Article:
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Trends in the Youth Job Market

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Presentation on theme: "Trends in the Youth Job Market"— Presentation transcript:

1 Trends in the Youth Job Market
With a focus on the Toronto Area

2 The Challenge: Canada 2002-2007
Over the next five years almost 1,000,000 new jobs will be created in Canada. Retirements will provide an additional 1,000,000 job openings. About 2/3rds of these jobs will require higher education or training, including training on the job.


4 Adapted from Ontario Job Futures 2002

5 The Double Cohort In 1999, post-secondary participation rate was 60%, leaving 40% of 18 year old youth in the labour market In Ontario, due to the double cohort, we estimate that there will be an 11% labour force increase for 18 year olds seeking full time work in 2003 Will further disadvantage those who have not completed high school.

Source: GDP: Conference Board of Canada. Employment: Statistics Canada Labour Force Survey *Based on first 3 quarters of 2002

7 Source: Statistics Canada Labour Force Survey

8 Toronto Employment Grew by 5% from 2000-2002
Faster Growth: Manufacturing. Finance, insurance, real estate and leasing. Accommodation and food services. Construction Slower Growth: Transportation and warehousing. Retail and wholesale trade. Professional, scientific and technical services.

9 Source: Statistics Canada Labour Force Survey
Trade Professional, scientific and technical services Finance, insurance, real estate and leasing Health care and social assistance Educational services Accommodation and food services Information, culture and recreation Transportation and warehousing Management of companies and administrative and other support services Other services Public Administration Source: Statistics Canada Labour Force Survey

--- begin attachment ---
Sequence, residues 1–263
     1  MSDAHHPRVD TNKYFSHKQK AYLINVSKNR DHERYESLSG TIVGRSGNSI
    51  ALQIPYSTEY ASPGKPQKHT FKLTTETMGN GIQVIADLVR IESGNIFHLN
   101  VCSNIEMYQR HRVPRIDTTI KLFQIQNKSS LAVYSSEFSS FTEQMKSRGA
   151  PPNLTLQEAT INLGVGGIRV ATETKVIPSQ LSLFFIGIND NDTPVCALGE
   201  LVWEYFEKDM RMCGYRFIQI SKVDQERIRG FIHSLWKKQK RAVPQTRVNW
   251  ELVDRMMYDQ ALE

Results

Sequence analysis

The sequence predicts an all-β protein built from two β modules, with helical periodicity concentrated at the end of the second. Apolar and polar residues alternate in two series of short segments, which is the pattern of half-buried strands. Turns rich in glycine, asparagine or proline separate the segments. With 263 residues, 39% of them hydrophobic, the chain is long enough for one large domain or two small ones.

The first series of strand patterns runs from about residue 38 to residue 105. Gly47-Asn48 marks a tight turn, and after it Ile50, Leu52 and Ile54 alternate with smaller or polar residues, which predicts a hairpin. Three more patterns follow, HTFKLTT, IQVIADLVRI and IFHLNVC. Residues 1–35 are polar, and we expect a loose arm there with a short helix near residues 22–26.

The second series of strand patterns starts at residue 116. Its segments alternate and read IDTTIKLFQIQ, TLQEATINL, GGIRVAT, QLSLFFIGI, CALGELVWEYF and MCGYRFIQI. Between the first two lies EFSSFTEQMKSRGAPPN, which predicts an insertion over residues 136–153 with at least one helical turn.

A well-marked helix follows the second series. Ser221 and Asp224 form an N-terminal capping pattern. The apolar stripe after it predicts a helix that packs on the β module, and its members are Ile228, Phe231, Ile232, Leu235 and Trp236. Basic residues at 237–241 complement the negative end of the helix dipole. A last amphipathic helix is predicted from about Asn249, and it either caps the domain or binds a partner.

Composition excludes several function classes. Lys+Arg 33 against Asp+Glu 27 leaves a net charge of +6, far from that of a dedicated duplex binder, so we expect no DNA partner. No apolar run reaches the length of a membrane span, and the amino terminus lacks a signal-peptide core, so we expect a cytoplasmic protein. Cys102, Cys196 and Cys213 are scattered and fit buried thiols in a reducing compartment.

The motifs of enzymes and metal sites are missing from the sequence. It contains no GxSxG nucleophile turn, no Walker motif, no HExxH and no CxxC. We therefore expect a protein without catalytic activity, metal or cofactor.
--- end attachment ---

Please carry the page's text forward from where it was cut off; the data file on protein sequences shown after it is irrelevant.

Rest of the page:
10 Where do Youth Work? Youth work in all sectors but some industries have higher concentrations of entry opportunities



13 Entry Level Jobs in the Service Sector with Good Employment Prospects
Truck drivers Customer service and information clerks Nurses aides and orderlies Construction labourers Visiting homemakers Manufacturing labour

14 What skills are required?
According to HRDC analysis of Toronto Job Advertisements through our Workwaves project, employers are looking for the following skills:

15 Core Skills Communications.
Personal management (flexible, positive attitude, self-motivation). Thinking/Planning/Organizing. Interpersonal (people skills/networking). Teamwork (leadership). Numeracy. Multilingualism an asset in global economy Computer literacy

16 Fostering Core Skills We must remove barriers to employment
We must work together to help youth get the information and gain the skills, work experience and abilities they need to make a successful transition to the workplace

17 Meeting the Challenge Fewer future entrants to the labour market, so employers need to look at how to utilize unemployed youth to meet their demands Promote on-the-job work experience and skill develop opportunities leading to continuous learning

18 Meeting the Challenge Integrating unemployed youth into the knowledge economy is not easy… However it is imperative to provide every Canadian with the opportunity to participate fully in the workplace and the community… And as our society ages, we will require their contribution. We must make extra efforts to address this group in unanticipated economic situations

19 Some useful websites

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